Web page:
Leeds has a rich library heritage. The Libraries in Leeds Festival celebrates the fifty libraries that call Leeds home, including Leed’s 34 public libraries, The Leeds Library (Britain’s oldest operational subscription library) and British Library North.
The inaugural Festival has enabled the various libraries: academic, public, health and specialist to connect, with each other and the public.
I spent the first half of the year as a Writer in Residence for the Crossing the Tees Book Festival. My task was to research and visit libraries across Teesside in order to produce an illustrated history with photographer Jo Booth. Despite my focus on the Tees Valley, I couldn’t help but notice how often Leeds appeared as being significant in library history.
The Leeds Library was founded in 1768. It still operates as a subscription library but also organises tours and cultural events that are open to the public. Leeds Central Library was founded in 1871 and by the time Leeds gained city status in 1893 it already had 21 branch libraries and 37 juvenile libraries based in schools. Manchester, with a larger population at the time, had only 15 branch libraries.
The Central Library is architecturally striking and offers a wide range of services. It is rare to find public music and art libraries today, but Leeds has both alongside reference, history and Zine collections. The City is still leading the way in library development, with the abolition of fines and the ability to acquire a library card without proof of address.
The Libraries in Leeds Festival has included talks, exhibitions and backstage tours. The Festival has offered a snapshot of the variety of libraries in the City. It has enabled visitors to view rare and unique books, to understand the role of librarians and to discuss the importance of libraries in society.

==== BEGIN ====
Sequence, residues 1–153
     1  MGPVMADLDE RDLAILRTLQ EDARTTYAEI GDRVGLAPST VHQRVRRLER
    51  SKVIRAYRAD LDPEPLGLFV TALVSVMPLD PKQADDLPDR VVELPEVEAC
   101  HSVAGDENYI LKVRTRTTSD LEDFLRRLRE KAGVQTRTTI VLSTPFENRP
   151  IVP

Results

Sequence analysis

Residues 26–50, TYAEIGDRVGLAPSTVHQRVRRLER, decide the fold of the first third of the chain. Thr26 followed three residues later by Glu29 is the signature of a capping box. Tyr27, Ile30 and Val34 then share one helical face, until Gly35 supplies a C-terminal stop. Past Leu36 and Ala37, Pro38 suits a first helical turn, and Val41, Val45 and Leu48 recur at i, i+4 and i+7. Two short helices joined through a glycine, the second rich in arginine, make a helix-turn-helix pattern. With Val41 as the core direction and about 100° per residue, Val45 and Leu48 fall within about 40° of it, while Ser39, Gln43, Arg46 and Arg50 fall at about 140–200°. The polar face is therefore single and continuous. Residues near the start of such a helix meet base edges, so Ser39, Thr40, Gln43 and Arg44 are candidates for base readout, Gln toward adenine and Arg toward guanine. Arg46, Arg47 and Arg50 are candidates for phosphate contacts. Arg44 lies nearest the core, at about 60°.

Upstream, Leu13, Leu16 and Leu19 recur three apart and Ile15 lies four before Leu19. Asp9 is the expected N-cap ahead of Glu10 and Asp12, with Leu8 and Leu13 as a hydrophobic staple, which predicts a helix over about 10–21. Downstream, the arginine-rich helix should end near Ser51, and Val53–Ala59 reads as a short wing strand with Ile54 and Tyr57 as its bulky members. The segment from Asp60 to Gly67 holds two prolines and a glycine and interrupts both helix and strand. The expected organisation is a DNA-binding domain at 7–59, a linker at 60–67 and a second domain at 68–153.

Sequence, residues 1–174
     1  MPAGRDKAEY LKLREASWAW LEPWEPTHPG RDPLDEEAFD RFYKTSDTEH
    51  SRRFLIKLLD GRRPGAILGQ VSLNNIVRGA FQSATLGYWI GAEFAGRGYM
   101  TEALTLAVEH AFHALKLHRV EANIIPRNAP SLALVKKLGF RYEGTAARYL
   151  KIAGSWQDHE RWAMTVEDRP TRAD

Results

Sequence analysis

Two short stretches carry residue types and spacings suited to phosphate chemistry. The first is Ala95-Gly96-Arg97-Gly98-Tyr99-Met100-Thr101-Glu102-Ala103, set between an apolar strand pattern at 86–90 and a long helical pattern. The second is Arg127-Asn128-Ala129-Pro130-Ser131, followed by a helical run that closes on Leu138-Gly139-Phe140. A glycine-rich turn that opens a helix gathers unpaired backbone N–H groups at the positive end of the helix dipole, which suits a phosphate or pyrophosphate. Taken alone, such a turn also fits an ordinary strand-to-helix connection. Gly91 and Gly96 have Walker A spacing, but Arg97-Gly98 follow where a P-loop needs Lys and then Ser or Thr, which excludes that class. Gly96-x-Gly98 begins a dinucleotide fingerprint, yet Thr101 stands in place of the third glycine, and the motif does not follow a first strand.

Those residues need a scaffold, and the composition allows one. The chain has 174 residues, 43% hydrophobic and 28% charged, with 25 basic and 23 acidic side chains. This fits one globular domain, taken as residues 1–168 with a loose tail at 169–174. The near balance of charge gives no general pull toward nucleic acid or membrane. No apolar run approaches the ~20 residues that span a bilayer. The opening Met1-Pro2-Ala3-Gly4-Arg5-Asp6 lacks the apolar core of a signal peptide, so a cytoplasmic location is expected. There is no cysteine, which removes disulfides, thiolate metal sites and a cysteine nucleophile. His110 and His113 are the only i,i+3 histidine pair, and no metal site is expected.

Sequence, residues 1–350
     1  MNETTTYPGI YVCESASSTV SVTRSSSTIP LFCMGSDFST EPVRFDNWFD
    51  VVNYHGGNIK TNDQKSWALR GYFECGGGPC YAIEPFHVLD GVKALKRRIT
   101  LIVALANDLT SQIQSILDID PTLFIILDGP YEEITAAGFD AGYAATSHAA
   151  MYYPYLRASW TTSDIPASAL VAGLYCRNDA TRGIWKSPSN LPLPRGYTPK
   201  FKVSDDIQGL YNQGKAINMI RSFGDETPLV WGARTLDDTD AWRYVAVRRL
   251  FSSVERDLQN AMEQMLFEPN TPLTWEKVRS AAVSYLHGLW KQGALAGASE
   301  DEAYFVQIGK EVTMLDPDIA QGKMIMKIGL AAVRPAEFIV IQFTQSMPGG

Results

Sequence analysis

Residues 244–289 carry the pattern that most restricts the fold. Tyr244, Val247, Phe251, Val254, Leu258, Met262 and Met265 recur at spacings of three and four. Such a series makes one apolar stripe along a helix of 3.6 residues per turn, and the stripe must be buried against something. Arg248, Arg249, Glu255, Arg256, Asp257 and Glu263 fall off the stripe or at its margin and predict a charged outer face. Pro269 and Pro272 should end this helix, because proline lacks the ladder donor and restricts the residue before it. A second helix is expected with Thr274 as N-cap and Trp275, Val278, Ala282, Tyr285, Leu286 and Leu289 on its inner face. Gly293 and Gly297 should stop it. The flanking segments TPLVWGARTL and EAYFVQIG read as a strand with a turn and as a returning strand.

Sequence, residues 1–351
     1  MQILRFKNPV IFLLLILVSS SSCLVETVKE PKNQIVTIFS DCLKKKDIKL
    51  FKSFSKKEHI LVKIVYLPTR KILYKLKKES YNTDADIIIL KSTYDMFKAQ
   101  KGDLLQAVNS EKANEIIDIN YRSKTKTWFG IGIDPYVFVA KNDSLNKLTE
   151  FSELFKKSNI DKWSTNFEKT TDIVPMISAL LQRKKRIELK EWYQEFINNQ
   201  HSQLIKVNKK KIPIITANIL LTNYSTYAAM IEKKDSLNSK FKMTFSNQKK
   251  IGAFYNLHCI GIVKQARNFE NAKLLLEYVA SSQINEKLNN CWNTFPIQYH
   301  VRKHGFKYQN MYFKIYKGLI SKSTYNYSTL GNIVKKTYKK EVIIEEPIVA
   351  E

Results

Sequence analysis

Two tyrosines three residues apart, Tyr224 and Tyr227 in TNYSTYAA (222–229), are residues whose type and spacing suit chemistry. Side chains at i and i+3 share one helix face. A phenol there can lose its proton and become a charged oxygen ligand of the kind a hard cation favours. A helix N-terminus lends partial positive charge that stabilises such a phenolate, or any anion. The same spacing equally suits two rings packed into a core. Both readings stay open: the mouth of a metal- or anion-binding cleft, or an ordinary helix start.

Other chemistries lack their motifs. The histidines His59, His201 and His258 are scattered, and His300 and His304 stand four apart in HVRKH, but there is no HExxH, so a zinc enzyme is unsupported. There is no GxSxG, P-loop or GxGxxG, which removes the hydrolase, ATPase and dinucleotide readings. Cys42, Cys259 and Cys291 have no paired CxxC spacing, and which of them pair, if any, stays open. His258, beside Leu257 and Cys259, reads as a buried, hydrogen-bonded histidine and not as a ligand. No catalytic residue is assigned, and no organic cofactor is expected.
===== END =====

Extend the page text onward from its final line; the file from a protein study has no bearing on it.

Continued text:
I started my Festival experience on Monday morning with a backstage tour of the Royal Armouries Library. Librarian Stuart Ivinson had found a number of interesting documents to display. These included the world’s oldest fencing manual – a Fechtbuch or Fight Book, produced in early 14th century Germany. More recent archive material included a diary, magazines and stereoscopic images relating to the First World War.
Visitors on the tour included people with an interest in military history, publishing and stage combat. Neil Tattersall, who teaches stage combat, was particularly interested in a 1765 illustrated book on fencing by Angelo Domenico. I had to agree that the beautiful colour illustrations would help his students understand the historical context of the art of fencing as well as adopt authentic stances.
Other tours have taken place at the British Library at Boston Spa, Leeds Central Library, The Leeds Library, the Thackray Museum of Medicine, the Henry Moore Insitute, the University of Leeds Coin Collection and the West Yorkshire Archive Service.
On Tuesday, I visited The Leeds Library to attend Public Libraries: Past, Present and Future. Professor John Mee, author of Networks of Improvement, explained how the development of libraries had been central to the exchange of ideas and knowledge that took place in the North of England during the Industrial Revolution. Sue Williamson MBE, former Director of Libraries at Arts Council England, brought the story forward to the present.